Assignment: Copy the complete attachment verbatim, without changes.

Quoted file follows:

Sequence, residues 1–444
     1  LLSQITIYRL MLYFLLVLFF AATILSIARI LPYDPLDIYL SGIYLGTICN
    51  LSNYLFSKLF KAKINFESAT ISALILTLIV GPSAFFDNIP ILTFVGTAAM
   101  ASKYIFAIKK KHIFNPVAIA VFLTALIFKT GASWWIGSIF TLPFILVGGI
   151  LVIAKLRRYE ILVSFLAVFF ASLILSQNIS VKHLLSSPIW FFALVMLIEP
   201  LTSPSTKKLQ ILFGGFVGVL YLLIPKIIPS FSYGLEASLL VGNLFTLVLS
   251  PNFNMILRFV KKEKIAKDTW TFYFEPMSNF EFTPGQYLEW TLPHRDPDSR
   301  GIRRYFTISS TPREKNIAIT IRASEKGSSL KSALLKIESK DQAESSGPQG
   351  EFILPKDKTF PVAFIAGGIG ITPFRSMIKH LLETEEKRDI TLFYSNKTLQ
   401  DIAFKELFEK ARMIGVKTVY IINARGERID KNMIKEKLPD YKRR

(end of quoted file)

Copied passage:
Sequence, residues 1–444
     1  LLSQITIYRL MLYFLLVLFF AATILSIARI LPYDPLDIYL SGIYLGTICN
    51  LSNYLFSKLF KAKINFESAT ISALILTLIV GPSAFFDNIP ILTFVGTAAM
   101  ASKYIFAIKK KHIFNPVAIA VFLTALIFKT GASWWIGSIF TLPFILVGGI
   151  LVIAKLRRYE ILVSFLAVFF ASLILSQNIS VKHLLSSPIW FFALVMLIEP
   201  LTSPSTKKLQ ILFGGFVGVL YLLIPKIIPS FSYGLEASLL VGNLFTLVLS
   251  PNFNMILRFV KKEKIAKDTW TFYFEPMSNF EFTPGQYLEW TLPHRDPDSR
   301  GIRRYFTISS TPREKNIAIT IRASEKGSSL KSALLKIESK DQAESSGPQG
   351  EFILPKDKTF PVAFIAGGIG ITPFRSMIKH LLETEEKRDI TLFYSNKTLQ
   401  DIAFKELFEK ARMIGVKTVY IINARGERID KNMIKEKLPD YKRR